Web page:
Catatonic fluctuations became the story of Spurs’ season for the second year running, as the thrill of a first title challenge in a generation was bitterly dissipated by that harrowing 5-2 defeat at Arsenal in February that crushed it. Recovering from a horror summer to challenge Manchester for its crown and ultimately finish fourth, however, remains one of Redknapp’s shrewdest achievements in the dugout. 

4) Bradford City (1998/99)    

Bottom of the league after seven games wasn’t much different to what many fans of Paul Jewell’s Bradford had expected from their side in the late summer of 1998. A small squad assembled with a limited budget meant the Bantams were just one more club suffering from the same old problems in the second tier, with a nervous eye on the trap door rather than a neck craned towards the Premier League. 

The way Bradford responded to life in the top flight, by awkwardly levering expensive names into a tight-knit squad in a clumsy panic, tells the story of a club that probably wasn’t ready for the big time, but their rise from the foot of the First Division table to take promotion automatically in 1999 was astonishing. Beaten just four times from November, their place at the top was as deserved as it was unexpected.   

5) Manchester United (2007/08)

When Dimitar Berbatov skipped past Edwin van der Sar and scuffed the ball towards an open goal near the end of Manchester United’s match with Tottenham in August 2007, the champions looked to be heading to a fourth straight winless match at the beginning of their title defence. Rio Ferdinand gave chase and, with a desperate lunge, saved not only a certain goal but also United’s credibility as contenders to retain their crown.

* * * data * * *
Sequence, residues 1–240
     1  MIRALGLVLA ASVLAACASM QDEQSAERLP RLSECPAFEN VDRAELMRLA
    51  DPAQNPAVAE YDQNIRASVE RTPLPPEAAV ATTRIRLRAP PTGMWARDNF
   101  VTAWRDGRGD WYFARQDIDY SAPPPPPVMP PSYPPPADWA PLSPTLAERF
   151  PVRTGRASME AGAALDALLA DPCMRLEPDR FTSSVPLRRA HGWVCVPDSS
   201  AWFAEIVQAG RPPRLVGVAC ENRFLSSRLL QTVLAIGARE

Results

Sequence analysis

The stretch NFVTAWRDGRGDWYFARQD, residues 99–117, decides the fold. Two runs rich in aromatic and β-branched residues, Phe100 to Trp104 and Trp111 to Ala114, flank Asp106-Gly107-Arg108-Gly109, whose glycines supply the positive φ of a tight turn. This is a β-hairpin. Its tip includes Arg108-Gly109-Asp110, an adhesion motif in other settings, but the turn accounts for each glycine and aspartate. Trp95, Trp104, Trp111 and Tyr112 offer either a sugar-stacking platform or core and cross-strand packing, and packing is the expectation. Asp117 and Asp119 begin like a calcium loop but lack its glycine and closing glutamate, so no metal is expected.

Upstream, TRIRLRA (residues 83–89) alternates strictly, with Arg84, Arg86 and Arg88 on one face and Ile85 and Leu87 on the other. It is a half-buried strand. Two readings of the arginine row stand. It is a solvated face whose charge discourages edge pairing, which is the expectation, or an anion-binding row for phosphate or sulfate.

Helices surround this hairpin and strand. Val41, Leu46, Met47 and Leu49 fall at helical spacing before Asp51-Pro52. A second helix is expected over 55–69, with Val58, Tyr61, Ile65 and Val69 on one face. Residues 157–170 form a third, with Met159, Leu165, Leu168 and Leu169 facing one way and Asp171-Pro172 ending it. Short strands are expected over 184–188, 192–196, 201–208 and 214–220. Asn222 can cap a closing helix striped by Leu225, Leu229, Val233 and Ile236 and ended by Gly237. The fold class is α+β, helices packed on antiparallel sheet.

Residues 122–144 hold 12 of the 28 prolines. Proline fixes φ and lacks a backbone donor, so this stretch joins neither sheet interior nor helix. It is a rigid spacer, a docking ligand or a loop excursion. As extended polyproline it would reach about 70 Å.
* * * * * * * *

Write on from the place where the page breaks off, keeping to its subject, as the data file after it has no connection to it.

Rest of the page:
But for Ferdinand there would have been an eight-point gap between the champions and a resurgent Arsenal, who had set the early pace – the kind of chasm by which championships are settled however early in the season they open up. A first United goal from Nani, crashed into the top corner, set the seal on an overdue first victory and like clockwork a third straight league title followed nine months later.  

6) Sunderland (2006/07)

When Sunderland signed off from the 2005/06 season with 15 points on the board, the one redeeming consolation on Wearside was that the slump couldn’t possibly sink any deeper. It was the same sallow hope that comforted Mackems fans when, three months later, they lost their opening four games of the season to drop to the bottom of the Championship. The day Roy Keane was appointed as manager was the day the tide turned.

Keane watched from the stands as his new team beat West Brom 2-0 before getting his hands dirty slowly, re-wiring the mentality of a squad that had forgotten how to win. The change was seismic. Having not gained a point from the first 12 available, Sunderland dropped only nine more from January 1 until the end of the season when they were, somewhat predictably, crowned champions.